In order to determine a market projection, several factors were considered including the nature of government funding, technology and technology fatigue, and competitive forces. The market is still in a highly volatile state, and new developments are coming along constantly, making it an unpredictable time for all of the companies involved in the market.
The pace of innovation could also prove to be a market limiter. The introduction of second-generation systems has enabled new levels of productivity and new experiments, causing rapid adoption of the products. But there is a flip side to the constant innovation—the demand could slow if labs experience growing pains with the new sequencers.
Many are still trying to address bottlenecks such as the data-management and data-analysis issues. The situation is aggravated because competition has increased, and the end-users are faced with a variety of evolving dilemmas and trade-offs. One technology usually isn’t sufficient, but using multiple sequencer technologies creates integration and workflow issues.
The depreciation of instruments, data management, labor, and other factors has caused the cost of sequencing to be higher than the often-quoted figures, which are related mostly to reagent use. After sorting through some unforeseen issues with second-generation systems, customers are looking out for pitfalls before starting this process all over again with third-generation sequencers.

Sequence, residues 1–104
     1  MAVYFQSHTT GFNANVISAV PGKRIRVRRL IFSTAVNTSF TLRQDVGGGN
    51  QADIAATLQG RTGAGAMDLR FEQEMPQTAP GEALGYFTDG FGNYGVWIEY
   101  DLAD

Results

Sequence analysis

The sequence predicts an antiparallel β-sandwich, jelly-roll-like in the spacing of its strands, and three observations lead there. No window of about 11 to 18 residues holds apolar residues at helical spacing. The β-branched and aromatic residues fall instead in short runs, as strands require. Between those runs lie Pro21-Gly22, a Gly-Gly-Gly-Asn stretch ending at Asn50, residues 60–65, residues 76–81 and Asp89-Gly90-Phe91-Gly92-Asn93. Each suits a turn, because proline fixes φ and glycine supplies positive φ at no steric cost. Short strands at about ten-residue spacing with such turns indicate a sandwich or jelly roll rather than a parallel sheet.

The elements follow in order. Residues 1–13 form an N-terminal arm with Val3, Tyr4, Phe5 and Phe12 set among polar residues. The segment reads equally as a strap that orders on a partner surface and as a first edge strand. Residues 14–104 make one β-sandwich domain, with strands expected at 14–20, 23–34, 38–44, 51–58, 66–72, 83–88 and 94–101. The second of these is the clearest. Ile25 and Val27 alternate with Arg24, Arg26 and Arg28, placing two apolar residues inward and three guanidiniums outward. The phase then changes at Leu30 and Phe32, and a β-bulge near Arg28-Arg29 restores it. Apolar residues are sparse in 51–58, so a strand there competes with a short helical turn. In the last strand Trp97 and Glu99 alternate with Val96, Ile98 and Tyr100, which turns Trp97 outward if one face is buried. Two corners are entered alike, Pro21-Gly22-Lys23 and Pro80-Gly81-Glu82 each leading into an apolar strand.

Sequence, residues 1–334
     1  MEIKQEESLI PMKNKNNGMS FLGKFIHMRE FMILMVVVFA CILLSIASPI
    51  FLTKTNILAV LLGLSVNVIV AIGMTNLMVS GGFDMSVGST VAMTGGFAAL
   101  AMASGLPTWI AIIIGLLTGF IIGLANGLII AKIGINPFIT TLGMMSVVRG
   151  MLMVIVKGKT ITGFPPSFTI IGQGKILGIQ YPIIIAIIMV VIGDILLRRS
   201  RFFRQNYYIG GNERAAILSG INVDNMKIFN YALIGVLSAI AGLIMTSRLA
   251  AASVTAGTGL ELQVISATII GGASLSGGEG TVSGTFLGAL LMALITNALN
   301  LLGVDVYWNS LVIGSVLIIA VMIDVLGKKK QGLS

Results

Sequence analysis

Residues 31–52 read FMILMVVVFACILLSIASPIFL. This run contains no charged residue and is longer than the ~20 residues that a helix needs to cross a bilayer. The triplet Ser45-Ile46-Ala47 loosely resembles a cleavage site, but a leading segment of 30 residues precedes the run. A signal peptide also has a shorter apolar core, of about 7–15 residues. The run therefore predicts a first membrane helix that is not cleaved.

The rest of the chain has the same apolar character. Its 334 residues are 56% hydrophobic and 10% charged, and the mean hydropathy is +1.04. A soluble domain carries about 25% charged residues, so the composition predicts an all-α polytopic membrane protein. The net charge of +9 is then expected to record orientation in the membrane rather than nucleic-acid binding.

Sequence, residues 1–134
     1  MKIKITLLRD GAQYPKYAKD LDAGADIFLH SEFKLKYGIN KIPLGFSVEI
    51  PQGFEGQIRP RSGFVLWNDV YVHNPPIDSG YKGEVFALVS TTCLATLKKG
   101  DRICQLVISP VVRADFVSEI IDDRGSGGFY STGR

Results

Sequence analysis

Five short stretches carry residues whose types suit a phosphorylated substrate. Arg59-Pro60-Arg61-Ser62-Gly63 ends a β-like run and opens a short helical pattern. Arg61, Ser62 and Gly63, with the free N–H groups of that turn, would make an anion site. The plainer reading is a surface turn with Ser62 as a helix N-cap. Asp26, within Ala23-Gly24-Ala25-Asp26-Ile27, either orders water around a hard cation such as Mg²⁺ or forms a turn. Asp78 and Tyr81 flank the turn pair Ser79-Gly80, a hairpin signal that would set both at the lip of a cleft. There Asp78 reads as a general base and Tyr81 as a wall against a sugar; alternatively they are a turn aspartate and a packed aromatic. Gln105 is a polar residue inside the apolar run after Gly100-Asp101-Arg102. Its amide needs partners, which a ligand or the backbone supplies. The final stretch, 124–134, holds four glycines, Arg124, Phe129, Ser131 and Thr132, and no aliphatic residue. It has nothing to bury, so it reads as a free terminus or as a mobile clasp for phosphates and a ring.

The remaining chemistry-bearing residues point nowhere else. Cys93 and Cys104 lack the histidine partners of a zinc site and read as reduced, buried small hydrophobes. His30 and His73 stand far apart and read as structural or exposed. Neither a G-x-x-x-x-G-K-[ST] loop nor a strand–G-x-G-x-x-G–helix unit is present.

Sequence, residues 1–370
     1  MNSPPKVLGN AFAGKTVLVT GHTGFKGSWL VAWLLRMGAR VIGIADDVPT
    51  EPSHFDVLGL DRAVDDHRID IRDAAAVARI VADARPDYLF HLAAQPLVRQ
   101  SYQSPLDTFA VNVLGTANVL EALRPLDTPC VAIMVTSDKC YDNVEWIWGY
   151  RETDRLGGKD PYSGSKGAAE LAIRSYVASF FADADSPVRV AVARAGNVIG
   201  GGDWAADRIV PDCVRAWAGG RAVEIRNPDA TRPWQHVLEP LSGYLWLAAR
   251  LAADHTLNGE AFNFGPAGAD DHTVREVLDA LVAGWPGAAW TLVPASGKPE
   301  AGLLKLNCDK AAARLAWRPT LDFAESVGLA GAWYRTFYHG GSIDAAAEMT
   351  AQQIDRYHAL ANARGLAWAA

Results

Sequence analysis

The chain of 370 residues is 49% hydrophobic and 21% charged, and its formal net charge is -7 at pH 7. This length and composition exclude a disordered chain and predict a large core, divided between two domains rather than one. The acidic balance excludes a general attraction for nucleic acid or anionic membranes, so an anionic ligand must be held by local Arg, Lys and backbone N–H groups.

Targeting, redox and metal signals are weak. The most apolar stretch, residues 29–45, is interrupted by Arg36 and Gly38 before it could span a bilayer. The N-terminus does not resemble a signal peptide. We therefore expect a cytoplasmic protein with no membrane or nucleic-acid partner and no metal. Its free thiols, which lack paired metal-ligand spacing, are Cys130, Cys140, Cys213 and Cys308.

The high price, performance, and variety of second-generation sequencers could result in a broad first-to-market effect over the third-generation systems; most likely, some labs will simply postpone purchases but will eventually move to the newest technologies. While the new systems have their own performance improvements, they require labs to set up, change, and/or fine-tune their procedures, re-train their personnel, and keep tabs on the different products.
Given these considerations, Kalorama Information believes that the market for sequencers of $480 million in 2008 will peak at $640 million in 2012, then roll downward a bit to $600 by 2014.
We do not believe that sequencers will be limited to research applications forever. The pharmaceutical industry is expected to become a strong customer segment in the near future, due to lower cost and the realization that personalized medicine, biomarkers, and other related post-genomic approaches are likely to help shrinking pipelines.
In the longer term, given the way the science is evolving, the largest opportunity for sequencing technologies may actually be in the doctor’s office or hospital. Some envision portable sequencers within the next 10 years, which does not seem completely unreasonable.
In the near term, it is more likely that existing products will be adapted to specific clinical applications, which has already occurred, for example with HIV drug resistance testing or HLA typing. In order to move the new technologies beyond this early stage, companies will need to be aware of the regulatory processes and other pitfalls of the market. This is ideally addressed through partnering with established companies in the diagnostics industry.